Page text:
Prepared by: Rhéal Nadeau
Posted on: Sun, 8 Jul 2001
Reposted on: Sun, 11 Jul 2004
The exercise deals with a form of "show
don't tell". It's a familiar
adage that actions speak louder than words. In particular, some words
have been used so often as to have practically lost all meaning. Think
of the following phrases we might come across while writing or reading:
he was nice to me
she was a loving mother
she was an abusive mother
we have fun together
he looked at me funny
she was a timid soul
All deal with strong concepts, but in weak
ways - we don't get a
specific image. Such phrases have been used and overused and have lost
much of their power. (A clue to the weakness of those phrases is in the
verbs used: was, have, look.) In most cases, it would be better to
replace those with an action or two *showing* the concept.
For example, how was he "nice to me"? Did
he buy her roses, or do
dishes without being asked? What does a loving mother do, or an abusive
one? A proper action can show "nice" or "loving" or "abusive", but even
more, it can tell us something about both characters involved. The man
doing the dishes may have a more practical nature, or he may know that
the woman appreciates concrete help rather than symbolic gestures.
Here's the exercise: in 300 words or less,
write a scene where a
character demonstrates, through action, traits like "nice" or "loving"
or any similar traits (not restricted to the list above). Through this,
we should learn about the two people involved and about their
Critics should tell us what they think of
the characters, based on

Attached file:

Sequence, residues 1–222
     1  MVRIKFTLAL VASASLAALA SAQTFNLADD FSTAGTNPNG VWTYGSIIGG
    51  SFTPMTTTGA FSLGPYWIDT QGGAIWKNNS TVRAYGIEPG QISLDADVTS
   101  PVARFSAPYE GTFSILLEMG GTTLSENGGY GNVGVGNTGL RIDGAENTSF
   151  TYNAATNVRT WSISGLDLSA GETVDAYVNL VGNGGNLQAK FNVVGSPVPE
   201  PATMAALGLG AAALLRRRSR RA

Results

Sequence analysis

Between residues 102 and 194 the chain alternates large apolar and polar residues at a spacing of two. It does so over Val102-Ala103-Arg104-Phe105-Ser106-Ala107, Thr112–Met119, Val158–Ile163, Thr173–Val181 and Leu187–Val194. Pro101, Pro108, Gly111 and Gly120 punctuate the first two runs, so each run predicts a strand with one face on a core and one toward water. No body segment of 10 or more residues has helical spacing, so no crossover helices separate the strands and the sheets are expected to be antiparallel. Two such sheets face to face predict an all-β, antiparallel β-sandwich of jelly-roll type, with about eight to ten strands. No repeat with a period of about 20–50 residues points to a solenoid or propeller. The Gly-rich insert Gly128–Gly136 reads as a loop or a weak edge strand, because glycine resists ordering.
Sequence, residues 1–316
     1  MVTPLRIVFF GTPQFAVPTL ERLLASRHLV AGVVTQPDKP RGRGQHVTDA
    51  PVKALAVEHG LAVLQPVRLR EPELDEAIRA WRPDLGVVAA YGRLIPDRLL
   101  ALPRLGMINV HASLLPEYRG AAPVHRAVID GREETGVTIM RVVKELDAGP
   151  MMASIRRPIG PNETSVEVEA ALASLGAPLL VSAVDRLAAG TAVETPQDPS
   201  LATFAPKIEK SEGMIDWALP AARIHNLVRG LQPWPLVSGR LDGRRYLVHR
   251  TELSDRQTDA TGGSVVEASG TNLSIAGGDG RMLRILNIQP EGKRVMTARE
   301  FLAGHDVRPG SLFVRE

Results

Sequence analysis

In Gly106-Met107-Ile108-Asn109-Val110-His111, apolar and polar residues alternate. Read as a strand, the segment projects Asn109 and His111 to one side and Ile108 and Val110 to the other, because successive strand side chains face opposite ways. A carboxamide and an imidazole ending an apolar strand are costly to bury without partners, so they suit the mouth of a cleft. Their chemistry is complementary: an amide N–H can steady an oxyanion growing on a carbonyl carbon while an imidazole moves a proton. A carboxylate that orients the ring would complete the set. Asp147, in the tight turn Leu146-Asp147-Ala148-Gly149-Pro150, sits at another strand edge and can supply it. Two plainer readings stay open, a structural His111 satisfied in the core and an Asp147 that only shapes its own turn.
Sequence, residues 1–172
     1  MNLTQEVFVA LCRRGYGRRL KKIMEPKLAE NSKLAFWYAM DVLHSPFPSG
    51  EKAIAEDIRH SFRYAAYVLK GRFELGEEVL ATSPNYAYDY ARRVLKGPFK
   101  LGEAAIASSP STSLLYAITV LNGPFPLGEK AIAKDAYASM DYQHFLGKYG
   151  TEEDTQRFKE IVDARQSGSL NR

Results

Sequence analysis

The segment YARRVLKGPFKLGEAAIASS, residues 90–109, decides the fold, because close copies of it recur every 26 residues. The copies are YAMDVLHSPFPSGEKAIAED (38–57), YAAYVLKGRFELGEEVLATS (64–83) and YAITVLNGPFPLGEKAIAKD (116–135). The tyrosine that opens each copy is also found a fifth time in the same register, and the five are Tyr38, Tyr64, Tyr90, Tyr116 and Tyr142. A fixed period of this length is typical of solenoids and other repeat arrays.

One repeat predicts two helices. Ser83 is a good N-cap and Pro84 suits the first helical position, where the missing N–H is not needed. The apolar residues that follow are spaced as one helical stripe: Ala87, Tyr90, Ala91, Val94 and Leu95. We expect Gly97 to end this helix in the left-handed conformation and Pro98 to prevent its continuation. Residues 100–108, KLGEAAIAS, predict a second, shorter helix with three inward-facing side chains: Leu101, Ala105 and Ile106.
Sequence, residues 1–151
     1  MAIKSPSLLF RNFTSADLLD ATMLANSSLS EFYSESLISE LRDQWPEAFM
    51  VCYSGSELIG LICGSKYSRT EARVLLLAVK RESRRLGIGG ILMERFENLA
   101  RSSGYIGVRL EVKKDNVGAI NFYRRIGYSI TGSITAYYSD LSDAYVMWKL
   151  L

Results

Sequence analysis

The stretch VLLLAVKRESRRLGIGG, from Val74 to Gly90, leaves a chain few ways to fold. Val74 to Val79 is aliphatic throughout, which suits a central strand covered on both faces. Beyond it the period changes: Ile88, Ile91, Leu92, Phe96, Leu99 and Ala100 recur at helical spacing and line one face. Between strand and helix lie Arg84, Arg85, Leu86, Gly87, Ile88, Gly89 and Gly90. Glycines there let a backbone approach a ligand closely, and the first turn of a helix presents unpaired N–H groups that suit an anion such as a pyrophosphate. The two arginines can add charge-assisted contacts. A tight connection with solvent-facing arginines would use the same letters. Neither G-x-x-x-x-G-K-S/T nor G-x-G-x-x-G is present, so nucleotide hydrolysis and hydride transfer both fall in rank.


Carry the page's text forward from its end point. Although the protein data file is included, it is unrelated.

Rhéal Nadeau's wrap-up
Posted on: Sun, 15 Jul 2001
I must admit that this week was something
of an eye-opener for me. I
wrote the exercise with the assumption that I was dealing with a fairly
straight-forward concept. Hmm, far from it, as the submissions
proceeded to demonstrate!
The concept was that a concept like "nice"
or "abusive" could be
translated into a neat little scene that would simply show the concept
rather than telling about it.
The reality is both richer and trickier
than this. As the
proved, using significant actions to reveal character traits leads to
something much richer, much more subtle, and the use of telling words
like the ones above. Many of the submissions showed well-defined
characters who could not be simplified back to a single word. We saw
degrees of "niceness", for example, which could never have been
expressed by the word "nice" itself.
Some of the submissions also showed that
such characterization is
subject to interpretation. To use an example (not from any of the
subs), what does it mean if a man gives a woman a rose? Is he
expressing love? Feeling guilt? Doing it because it's expected?
Scheming to gain the lady's favours? In such an example, the reader
would need additional clues. (Note, by the way, that this allows the
use of ambiguity - which is sometimes of value. For example, if this
was told from the point of view of the woman, she herself might be
asking herself those questions, and not be able to decide right away,
the reader would share her uncertainty.)
So, good work, everyone - I like it when
the results of one of my
exercises teach me something I hadn't expected!
Web site created by
Rhéal Nadeau and
the administrators of the Internet Writing Workshop.
Modified by Gayle Surrette.